TDLR values the contributions of the men and women who served in our armed forces. The Texas legislature and TDLR have established a number of provisions for licensees who are on active duty and for spouses of active duty personnel.
1. Additional Time to Complete Continuing Education
If you were a member of the state military forces or a reserve component of the armed forces of the United States, and you were ordered to active duty on or after September 1, 2004, you have additional time equal to the total number of years or parts of years that the you served on active duty. When you apply to renew your license you must provide documentation of the date your active duty began and the date it ended.
2. Additional Time, Without Penalty, to Renew a License That Expired While on Active Duty
If you did not renew your license in a timely manner, you are exempt from paying a late renewal fee if you furnish the Department with military documentation indicating you were on active duty during the time that your license expired. This documentation would show the date your active duty began and the date it ended.
You can find more information in TDLR's Procedural Rules, Chapter 60.83 (e).
TDLR's history of military support
3. Expedited Licensing for Spouses of Persons Serving on Active Duty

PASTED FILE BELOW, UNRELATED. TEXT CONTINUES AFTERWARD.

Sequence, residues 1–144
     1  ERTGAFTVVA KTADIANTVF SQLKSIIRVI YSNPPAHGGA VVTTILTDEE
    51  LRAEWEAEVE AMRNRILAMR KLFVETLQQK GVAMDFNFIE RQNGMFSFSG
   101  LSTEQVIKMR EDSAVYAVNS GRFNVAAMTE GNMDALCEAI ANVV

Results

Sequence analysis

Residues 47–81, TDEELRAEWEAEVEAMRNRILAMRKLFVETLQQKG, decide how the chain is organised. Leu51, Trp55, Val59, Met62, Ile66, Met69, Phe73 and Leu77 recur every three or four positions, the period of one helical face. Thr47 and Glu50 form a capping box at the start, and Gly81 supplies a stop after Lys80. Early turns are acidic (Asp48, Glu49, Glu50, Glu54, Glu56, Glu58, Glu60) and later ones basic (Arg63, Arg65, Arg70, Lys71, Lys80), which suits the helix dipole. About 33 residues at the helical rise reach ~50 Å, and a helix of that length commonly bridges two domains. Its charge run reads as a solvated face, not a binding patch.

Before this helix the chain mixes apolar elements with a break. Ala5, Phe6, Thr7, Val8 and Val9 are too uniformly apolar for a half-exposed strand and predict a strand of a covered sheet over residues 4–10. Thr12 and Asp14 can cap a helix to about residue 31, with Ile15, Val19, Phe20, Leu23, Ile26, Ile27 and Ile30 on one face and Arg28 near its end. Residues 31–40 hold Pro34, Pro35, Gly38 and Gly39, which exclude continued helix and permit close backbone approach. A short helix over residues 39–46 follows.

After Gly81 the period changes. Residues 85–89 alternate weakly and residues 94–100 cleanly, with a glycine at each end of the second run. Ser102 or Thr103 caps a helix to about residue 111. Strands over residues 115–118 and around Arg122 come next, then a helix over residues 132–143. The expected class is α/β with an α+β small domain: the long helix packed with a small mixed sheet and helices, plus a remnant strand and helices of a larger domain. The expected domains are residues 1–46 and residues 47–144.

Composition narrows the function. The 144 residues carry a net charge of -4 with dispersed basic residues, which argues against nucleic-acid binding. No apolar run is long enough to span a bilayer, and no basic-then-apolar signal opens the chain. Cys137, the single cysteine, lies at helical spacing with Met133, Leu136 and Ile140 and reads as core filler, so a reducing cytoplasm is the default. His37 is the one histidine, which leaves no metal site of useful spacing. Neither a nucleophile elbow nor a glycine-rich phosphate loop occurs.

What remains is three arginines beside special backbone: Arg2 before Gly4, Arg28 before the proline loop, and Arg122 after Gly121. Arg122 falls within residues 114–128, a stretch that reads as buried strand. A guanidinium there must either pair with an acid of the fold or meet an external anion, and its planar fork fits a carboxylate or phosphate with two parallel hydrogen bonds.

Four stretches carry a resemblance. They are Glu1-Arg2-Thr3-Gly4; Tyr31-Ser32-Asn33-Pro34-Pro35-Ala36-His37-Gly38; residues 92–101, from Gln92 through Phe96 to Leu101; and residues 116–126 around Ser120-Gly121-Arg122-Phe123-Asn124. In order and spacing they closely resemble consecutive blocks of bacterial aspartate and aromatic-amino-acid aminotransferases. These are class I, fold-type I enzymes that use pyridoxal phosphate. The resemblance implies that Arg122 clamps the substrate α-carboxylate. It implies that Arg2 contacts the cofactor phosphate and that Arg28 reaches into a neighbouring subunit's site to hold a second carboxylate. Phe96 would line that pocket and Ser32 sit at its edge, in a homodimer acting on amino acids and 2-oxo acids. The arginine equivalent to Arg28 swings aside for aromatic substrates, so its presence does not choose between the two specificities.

Licenses can be issued faster to spouses of persons serving on active duty because education and/or examination requirements may be waived. The requirements are:
You must be the spouse of a person serving on active duty in the Armed Forces of the United States; AND
You must either;
- Hold a current and substantially equivalent license in another state; or
- Within the last five years, you held the license in Texas that expired while you lived in another state for at least six months.
You can read more about this at http://www.tdlr.texas.gov/militaryspouseFAQ.htm .
4. Beginning November 1, 2012, Military Experience May Count Toward Practical Experience Requirements
As of November 1, military experience, on-the-job training in an apprenticeship program, industrial work experience, or government experience may apply to the practical experience requirement of an air conditioning and refrigeration contractor's license.
Every 2,000 hours (per year maximum) of on-the-job training in an apprenticeship program will be equivalent to 12 months of practical experience;
Verified military service in which you were trained in or performed air conditioning and refrigeration-related work as part of your military occupational specialty will count towards the 48 month requirement.